Six Ways to Avoid Misunderstandings

Early in my career I found myself being involved in countless situations that resulted in misunderstandings. My natural reaction was to blame others, rather than accept responsibility. I used to think it was the other person’s fault if he or she did not understand something or explain something properly. After all, how could it be possible that I was at fault?

Then the day came when I made the decision that I would accept 100% responsibility for all misunderstandings in which I am involved. While there have been some painful, costly and frustrating lessons, I have learned something from every misunderstanding and it has made me a better communicator.

This decision to accept responsibility for all my miscommunications forced me to not only focus on clear communication, but it has also improved my ability to identify warning signs where there may be a breakdown in communication.

If you will strive for excellence and take pride in the clarity of your communications, your value to the market will increase, people’s respect for you will grow and you will become a more effective leader.

Let me share with you six lessons I’ve learned about how to avoid misunderstandings.

1.  Make Sure Your Written Communications are Clear—Always proof messages after you type them and ask, “How could this message be misunderstood?” This effort will require a little more time spent thinking about each message, but I’ve learned the extra time is worth the investment in your brand. Like anything, the more you focus on the clarity of your communication, the better and faster you will become in the process.

2.  Evaluate The Clarity of Your Oral Communications—Whether you’re having a casual conversation with a friend, giving a dinner guest directions, leaving a voicemail message or providing instructions to a business colleague, focus on the clarity of your oral communications. I often have to remind myself, people aren’t mind readers and they only know what I tell them.

3.  Write ALL Things Down and Repeat Them —Make a commitment that from this day forward that you will write all instructions down which are given to you. Whether you are going to the grocery store for your parents or spouse, ordering take-out food for the family from your favorite restaurant or working on an important project, always write things down.

Writing things down helps you remember what was asked of you and reduces stress in the process. If you repeat the instructions back to the person who gave them to you, you’ll avoid any misunderstandings. This extra effort is one of the things that distinguish those at the top of the pay scale from those at the bottom. It’s one of the key differentiators between those who are responsible and irresponsible.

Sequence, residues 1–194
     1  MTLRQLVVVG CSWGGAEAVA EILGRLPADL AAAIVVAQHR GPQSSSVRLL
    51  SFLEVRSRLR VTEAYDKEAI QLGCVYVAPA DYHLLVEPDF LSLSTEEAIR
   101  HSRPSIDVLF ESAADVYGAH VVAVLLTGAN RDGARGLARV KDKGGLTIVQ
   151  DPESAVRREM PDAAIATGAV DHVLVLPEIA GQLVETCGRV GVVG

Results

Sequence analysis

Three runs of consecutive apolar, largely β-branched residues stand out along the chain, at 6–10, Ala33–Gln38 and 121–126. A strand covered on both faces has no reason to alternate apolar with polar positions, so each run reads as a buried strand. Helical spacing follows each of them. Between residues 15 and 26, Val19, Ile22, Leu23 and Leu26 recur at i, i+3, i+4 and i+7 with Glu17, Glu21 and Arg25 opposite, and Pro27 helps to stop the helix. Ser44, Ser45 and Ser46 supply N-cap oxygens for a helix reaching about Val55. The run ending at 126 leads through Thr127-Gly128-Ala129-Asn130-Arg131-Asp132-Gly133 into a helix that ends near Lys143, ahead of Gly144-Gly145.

4.  Watch For Potential Misunderstandings—If you choose to accept 100% responsibility for all misunderstandings, something interesting will happen. You will begin to see warnings signs that you have previously overlooked. It may be the look on someone’s face, a comment they make, a distraction in the background or something else that will give you pause to wonder if there is a potential miscommunication brewing.

5.  Confirm All Details and Put Them In Writing—When I am responsible for an event or task, I have learned to confirm all the details and put them in writing. As an example, if I have a call scheduled, I will confirm the date of the call, the time of the call, the time zone if appropriate, and who is responsible for initiating the call. Once it is confirmed, I put it in my calendar. Sure this requires a little extra effort, but if it avoids misunderstandings, I have found it to be worthwhile.

6.  Ask Others to Repeat What They Heard—Another way to avoid misunderstandings is to ask people to repeat your instructions back to you. You might ask someone, “Bob, before we wrap up this call, can you please confirm your responsibilities as part of this project.” When you ask people to repeat what they heard, not only does it force them to articulate what you said in their own words, but it also significantly reduces the risk of a misunderstanding.

I hope today’s lesson motivates you to take notice about the clarity of your communications and the potential for misunderstandings. Watch for those red flags to avoid conflict or unpleasant situations. Consistent clearness of expression will have a lasting impact on all of your interactions.

When you accept personal responsibility for all miscommunications, the lessons you learn will increase your value to the market and make you a better person in the process.

About the Author: Todd Smith is a successful entrepreneur of 30 years and founder of Little Things Matter. To receive Todd’s daily lessons, subscribe here. All Todd’s lessons are also available on iTunes as downloadable podcasts. (Todd’s podcasts are ranked #27 in America’s top 100 podcasts and #1 in the personal and development field.)

Related Posts:

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The Power of the Written Word

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10 Ways to Make a Positive Impression Through Your Voicemail Messages

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  • Ed

    I'm just a bit late in finding this article/discussion, but my motivation is as much about written as verbal communications. I find that I need to read and reread my own emails and texts before sending, because I tend sometimes mean something slightly different than what I have written ... or maybe I add or leave out critical phrasing. Often times, I will go back and make the message more concise. Less is often more, I think. I won't edit this message and maybe someone can see some things and point them out? :-) Ed

  • Todd Smith

    You have a great site, Todd. I'm enjoying your work.

  • ramanuj

    this is absolutely fabulous, and potentially life saving. thanks!

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